Then Clements asks, “Where is the flaw in their reasoning? It lies,” he says, “in their theology. For people who argue like this are assuming” – listen to this – “that Christian preaching is analogous to a marketing exercise. You have your product – the gospel. You have your consumers – the people. And the preacher is the salesman. It is his job to overcome consumer resistance and persuade people to buy.”
Well, Clements goes on, “According to Paul, there’s only one very simple but overwhelming reason why that analogy is not a good one, and it is this: the preacher doesn’t overcome consumer resistance; he can’t. He can’t. Consumer resistance is far too large for any preacher to overcome.”
And then he writes, “All the preacher does is to expose that resistance.” Hmm. “The preacher,” he writes, “doesn’t save anybody. Evangelism has to be a proclamation not because it’s a marketing concept, but because preaching is a sacrament of divine sovereignty.” It’s a great statement.
Now, what is all that saying? It’s saying this: the gospel is not a product; I’m not a salesman, and you’re not a consumer. I am a preacher because that’s what the Bible tells me to do. I preach the Bible because that’s the message I’m given to preach.
And there’s nothing that I can do, in my own power – persuasive power, whatever that power might be – my oratorical ability, the force with which I preach that is in any way, shape, or form going to release you from the bonds of sin. I can’t persuade you. I cannot overcome consumer resistance. You know why? You were dead in trespasses and sins, and you were blind, and I can’t change any of that.
And the natural man understandeth not the things of God; they are foolishness to him. In fact, the preaching of the cross is to them that perish – what? – foolishness. I can’t do anything about that. I’m just a human being. I can’t do anything but that – about that.
But you know what I can do? I can surface your consumer resistance. You know, you might not even know you’ve got till you get here. And that’s how we work it, see? The first part of the service is Clayton. Everybody likes Clayton. Everybody loves the music. Everybody likes it. Then I get up, and what is my job? To overcome consumer resistance? No. To surface it. I want that sinner out there to say to himself, “I don’t like that,” and come to reality about his resistance, because that’s the path of conviction. Isn’t it?
And then the second thing I can do, after surfacing the resistance, is to present the facts of the gospel. And if the Spirit of God chooses to take the conviction of sin and the truth of the gospel and regenerate as a sovereign work, then sacrament – then the sacrament of preaching has fit its purpose. That’s what he’s saying, and that’s exactly right.
“So,” you say, “what you’re telling me is that you want to make a sinner resistant?”
That’s exactly right. Even if you’re a Christian, I want you to come here, and I want to say things that are going to make you say, “I don’t like that. Why did I come here? I don’t like what he just said.” And the reason you’re saying that is because you don’t like the intimidation of the truth against your sin. That’s a service that I have to render to you and to me. You think you got it bad? I had to prepare all this. I got to go through all of this a lot more than you do, and then I have to listen to every word I say – while you’re tuning out and in. Don’t kid me; I know that. Why do you think I have long reviews?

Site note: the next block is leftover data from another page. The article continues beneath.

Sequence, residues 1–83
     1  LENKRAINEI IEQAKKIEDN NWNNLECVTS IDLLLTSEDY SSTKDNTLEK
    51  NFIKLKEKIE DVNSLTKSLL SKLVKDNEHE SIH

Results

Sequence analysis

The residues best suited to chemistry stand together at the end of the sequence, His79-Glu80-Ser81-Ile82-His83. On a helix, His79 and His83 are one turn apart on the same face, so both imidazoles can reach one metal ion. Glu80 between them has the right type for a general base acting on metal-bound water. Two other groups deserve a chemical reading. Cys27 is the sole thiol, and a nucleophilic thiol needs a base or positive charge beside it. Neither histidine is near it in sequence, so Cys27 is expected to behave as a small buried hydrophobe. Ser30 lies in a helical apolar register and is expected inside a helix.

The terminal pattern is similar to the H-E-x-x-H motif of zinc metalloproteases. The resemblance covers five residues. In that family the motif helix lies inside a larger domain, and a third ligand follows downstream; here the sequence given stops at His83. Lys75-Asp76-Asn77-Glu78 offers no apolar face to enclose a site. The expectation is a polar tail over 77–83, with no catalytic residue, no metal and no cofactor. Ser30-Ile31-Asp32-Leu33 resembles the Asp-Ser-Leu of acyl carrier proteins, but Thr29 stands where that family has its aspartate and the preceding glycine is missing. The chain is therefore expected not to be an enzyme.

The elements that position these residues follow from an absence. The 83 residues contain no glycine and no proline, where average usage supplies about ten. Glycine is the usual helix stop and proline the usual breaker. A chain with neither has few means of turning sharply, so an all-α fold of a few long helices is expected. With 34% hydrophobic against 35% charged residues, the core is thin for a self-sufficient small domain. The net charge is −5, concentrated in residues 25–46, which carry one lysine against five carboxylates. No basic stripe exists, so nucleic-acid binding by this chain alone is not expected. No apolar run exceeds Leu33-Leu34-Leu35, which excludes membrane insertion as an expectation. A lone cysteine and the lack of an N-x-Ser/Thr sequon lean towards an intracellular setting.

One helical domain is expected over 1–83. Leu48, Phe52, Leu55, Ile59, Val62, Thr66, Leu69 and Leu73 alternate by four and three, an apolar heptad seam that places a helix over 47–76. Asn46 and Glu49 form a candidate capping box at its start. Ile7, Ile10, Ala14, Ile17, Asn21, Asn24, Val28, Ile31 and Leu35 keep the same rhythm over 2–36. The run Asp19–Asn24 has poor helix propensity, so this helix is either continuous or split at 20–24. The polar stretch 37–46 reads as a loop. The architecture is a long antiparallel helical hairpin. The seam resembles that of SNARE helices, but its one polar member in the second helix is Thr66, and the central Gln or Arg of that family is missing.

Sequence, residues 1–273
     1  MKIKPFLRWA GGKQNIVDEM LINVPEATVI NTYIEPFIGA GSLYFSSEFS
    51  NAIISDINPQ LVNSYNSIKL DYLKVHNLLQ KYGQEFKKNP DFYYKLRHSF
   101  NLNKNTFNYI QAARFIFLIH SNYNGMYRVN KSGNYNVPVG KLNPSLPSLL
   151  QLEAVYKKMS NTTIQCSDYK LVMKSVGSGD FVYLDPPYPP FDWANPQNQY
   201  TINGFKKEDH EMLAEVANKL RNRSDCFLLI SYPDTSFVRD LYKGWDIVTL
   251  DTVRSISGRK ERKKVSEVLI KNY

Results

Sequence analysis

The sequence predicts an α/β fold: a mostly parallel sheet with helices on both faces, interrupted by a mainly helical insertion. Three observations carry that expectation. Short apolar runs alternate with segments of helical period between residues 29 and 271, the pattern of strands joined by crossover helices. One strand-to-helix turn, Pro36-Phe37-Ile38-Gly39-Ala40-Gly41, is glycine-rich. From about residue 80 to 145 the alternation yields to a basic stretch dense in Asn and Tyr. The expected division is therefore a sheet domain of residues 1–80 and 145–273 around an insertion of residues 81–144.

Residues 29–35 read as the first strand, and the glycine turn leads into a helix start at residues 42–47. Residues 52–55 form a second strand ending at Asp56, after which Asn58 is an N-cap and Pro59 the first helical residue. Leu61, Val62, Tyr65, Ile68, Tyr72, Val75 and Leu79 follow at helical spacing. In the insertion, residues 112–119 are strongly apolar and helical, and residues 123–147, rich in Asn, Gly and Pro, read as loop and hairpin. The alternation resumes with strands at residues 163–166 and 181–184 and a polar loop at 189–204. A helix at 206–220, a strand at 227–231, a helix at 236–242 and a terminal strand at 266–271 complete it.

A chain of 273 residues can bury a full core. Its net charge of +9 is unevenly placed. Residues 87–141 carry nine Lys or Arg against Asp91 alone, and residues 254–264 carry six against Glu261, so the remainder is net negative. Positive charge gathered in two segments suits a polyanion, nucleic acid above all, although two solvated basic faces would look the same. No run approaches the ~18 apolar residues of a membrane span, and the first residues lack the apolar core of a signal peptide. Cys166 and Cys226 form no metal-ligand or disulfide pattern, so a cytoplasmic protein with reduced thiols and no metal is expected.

The idea that cleverness, or the idea that methodology, or the idea that technique can break the bonds of sin and bring the sinner to salvation would do nothing but exalt the preacher and make a hero out of the preacher. You can’t save yourself, and I can’t save you. And I’m not selling you the gospel like some salesman who’s clever enough at what I sell to get you to buy.
I can only do two things: I can surface your resistance by bringing truth that the Spirit uses to convict you, and then I can give you the truth by which God can change your heart, but He alone has to do the changing.
So much modern evangelism is built on the heretical idea that anyone – listen to this – that anyone can and will respond to the gospel if it’s presented in a clever enough way. And that is not true; that is heresy. The word of the cross is to those who are perishing – what? – foolishness. And it always will be foolishness unless they are the ones being saved by God to whom it is the power of God.
And so, there’s a massive theological, biblical error at the foundation of contemporary evangelism that misunderstands the whole issue of what is going on. I can’t save anybody. The greatest orator in the world couldn’t save anybody. The most persuasive speaker couldn’t save anybody. Only God saves.
Go back to Titus 3:4 to 7. “God saved us,” it says. Only He can save. All I can do is bring the truth against the sinner so that it surfaces his resistance, and he has to deal with that, and then bring the truth of the message of righteousness, and healing, and restoration, and all of that so that the Spirit of God can enact that into his life. That’s it.
All then – listen carefully – that is required of the preacher is clarity. We’re not called to persuade people that the clever, innovative speech we give should be followed; we simply persuade them of truth. We just clarify truth. Then we stand by and let a sovereign God open blind eyes as He sees fit. And even as a believer, my job is to bring you the truth about any given issue of life so that the Spirit of God can quicken that truth and accomplish in your heart what He will.
Now, once I deviate from the truth, I have really convoluted this process. Right? If people are being awakened, if they are being saved, then the truth will be the power of God. If they are perishing, it’s going to be foolishness to them, and it’s going to be veiled, and they’re not going to see it.